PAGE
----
The citizens of Rome are deeply affected by the rhetoric of Marc Antony. Consequently, they are moved when he casts aspersions upon the credibility of the "honorable" Brutus and his claim that he loves Rome more than he loved the purported tyrant Julius Caesar as he has led them to believe. So, they begin to believe Marc Antony, who suggests that the conspirators killed Caesar so they could gain power.
Because of Caesar's great conquests, the Romans have held their leader in esteem; furthermore, they are not so aware of Caesar's private desires for power as the noblemen. Thus, after the assassination, when Brutus explains that Caesar "was ambitious" and would become tyrannical, he assumes that there is no man who "would be a bondman [slave]" if he does not have to be. He concludes his address to the Romans,
BRUTUS. Who is here so vile, that will not love his country? If any speak; for him have I offended. I pause for a reply.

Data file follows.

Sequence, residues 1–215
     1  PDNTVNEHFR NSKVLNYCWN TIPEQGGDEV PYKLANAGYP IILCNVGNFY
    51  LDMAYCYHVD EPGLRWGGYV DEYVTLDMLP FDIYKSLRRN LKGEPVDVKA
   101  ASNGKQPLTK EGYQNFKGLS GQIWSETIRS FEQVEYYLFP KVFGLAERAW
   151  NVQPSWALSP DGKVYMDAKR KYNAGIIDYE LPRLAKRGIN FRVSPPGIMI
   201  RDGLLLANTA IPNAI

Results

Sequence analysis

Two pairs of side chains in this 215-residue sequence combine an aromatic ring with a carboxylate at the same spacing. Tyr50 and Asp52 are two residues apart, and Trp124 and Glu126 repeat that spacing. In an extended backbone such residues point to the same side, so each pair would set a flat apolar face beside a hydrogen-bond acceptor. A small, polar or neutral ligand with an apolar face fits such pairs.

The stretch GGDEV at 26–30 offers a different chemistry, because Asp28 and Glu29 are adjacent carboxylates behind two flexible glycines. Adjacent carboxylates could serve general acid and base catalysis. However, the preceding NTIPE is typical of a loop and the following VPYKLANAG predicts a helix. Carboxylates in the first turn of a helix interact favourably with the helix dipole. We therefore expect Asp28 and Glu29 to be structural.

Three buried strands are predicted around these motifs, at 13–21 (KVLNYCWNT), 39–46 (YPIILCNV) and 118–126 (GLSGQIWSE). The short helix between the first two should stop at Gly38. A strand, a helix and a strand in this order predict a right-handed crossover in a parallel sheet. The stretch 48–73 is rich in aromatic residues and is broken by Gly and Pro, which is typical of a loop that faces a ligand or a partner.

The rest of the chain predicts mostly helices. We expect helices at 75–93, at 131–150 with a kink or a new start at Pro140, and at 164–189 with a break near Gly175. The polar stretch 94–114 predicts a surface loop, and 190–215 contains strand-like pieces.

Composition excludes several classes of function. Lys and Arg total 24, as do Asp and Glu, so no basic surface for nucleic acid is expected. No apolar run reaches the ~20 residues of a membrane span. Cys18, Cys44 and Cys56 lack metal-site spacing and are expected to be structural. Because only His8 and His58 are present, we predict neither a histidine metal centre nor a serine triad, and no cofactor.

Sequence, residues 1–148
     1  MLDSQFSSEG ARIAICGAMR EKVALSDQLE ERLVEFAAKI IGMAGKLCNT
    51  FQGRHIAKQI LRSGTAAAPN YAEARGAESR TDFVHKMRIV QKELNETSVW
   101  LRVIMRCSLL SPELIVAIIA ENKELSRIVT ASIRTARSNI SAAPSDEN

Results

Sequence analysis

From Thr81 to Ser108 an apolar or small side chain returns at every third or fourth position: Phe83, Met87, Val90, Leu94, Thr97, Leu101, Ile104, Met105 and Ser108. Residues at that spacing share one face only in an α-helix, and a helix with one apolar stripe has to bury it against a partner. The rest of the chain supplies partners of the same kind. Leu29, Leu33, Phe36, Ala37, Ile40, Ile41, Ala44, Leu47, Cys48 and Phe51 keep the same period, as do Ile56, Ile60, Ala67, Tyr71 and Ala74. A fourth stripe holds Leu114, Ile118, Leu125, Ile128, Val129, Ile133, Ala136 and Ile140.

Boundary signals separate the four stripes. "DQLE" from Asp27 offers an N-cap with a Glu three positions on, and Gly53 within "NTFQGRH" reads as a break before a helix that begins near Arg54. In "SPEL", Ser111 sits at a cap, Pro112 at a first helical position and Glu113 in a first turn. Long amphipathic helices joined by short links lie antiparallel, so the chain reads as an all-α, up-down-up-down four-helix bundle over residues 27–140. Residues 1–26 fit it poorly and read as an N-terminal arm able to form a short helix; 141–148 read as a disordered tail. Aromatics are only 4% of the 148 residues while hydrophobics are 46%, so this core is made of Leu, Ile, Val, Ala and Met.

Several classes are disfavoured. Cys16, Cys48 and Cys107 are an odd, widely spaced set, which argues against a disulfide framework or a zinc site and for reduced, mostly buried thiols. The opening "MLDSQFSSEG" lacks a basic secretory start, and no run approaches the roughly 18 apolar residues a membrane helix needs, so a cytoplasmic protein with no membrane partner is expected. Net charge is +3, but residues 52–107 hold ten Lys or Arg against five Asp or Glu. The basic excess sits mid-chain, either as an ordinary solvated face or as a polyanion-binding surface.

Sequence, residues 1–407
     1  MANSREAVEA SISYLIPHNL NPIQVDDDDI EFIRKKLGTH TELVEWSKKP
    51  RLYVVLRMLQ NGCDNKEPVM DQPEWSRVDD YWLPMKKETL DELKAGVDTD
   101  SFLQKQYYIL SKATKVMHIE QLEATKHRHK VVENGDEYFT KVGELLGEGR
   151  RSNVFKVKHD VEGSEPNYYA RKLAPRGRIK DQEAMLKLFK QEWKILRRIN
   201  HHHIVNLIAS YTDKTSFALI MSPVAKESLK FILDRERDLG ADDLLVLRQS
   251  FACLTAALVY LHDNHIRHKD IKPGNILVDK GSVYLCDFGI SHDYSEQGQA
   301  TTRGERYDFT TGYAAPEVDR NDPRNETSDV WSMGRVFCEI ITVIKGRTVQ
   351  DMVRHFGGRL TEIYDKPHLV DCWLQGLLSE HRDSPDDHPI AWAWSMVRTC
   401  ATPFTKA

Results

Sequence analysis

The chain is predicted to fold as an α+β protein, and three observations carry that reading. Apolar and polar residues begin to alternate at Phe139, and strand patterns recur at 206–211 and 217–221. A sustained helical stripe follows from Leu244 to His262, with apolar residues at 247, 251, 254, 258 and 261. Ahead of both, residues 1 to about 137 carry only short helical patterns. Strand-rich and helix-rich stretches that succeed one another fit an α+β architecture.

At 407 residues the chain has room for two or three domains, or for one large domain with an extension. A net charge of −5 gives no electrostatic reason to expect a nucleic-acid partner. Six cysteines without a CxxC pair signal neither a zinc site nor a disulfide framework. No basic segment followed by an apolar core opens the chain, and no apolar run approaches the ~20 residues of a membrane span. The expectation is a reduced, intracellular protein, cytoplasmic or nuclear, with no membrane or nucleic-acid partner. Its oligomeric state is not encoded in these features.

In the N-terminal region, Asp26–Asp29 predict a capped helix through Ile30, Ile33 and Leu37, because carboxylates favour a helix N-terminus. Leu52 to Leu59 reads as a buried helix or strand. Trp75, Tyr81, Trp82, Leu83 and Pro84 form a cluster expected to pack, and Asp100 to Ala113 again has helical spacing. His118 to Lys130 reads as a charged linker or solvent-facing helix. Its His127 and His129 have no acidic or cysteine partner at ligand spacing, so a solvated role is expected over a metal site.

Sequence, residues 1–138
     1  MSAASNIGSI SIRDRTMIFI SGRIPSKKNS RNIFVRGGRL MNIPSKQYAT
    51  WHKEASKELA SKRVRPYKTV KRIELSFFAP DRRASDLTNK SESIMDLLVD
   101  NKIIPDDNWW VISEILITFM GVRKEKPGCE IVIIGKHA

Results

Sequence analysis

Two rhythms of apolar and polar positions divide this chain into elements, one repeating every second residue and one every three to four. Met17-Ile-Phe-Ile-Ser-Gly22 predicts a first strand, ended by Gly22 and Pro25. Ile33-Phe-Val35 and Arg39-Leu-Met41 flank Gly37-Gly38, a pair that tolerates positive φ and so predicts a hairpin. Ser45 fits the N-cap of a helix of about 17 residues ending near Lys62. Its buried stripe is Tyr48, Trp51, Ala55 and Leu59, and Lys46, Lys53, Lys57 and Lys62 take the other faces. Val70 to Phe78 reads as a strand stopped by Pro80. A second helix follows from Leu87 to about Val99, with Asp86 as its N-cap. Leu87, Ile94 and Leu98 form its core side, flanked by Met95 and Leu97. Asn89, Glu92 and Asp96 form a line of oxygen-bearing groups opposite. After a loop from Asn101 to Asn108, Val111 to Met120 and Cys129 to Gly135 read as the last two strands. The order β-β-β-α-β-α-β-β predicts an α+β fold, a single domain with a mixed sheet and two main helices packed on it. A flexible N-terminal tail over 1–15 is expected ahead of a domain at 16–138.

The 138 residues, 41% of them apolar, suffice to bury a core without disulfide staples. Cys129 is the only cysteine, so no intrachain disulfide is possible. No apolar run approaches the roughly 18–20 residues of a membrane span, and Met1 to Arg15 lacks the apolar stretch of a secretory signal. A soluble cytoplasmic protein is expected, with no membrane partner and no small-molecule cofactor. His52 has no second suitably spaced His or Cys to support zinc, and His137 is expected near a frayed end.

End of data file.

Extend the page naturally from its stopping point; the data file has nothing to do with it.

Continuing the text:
ALL. None, Brutus, none! (3.2.30-32)
However, after the clever Marc Antony creates doubt in the Romans' minds by means of the effective repetition of "honorable" and "ambitious" as well as other rhetorical devices such as antitrosphe, he creates doubt in the minds of the plebeians, especially when he informs them that Caesar filled the general coffers and willed the citizens money. His ironic remarks,
Ambition should be made of sterner stuff
Yet Brutus says he was ambitious;
And Brutus is an honorable man. (3.2.91-93)
effectively stir one plebeian to remark, "Methinks there is much reason in his sayings" (3.2.107). Further, others are stirred as Antony continues and reads Caesar's will, and when he insinuates that Cassius was envious and Brutus treasonous, the Roman plebeians are incited to burn the house of Brutus and to "revenge his [Caesar's] death!" In fact, a riot ensues, the beginning of a civil war.
After Marc Antony brings the conspirators' honor into question, the plebeians clearly question their integrity and the credibility of Brutus.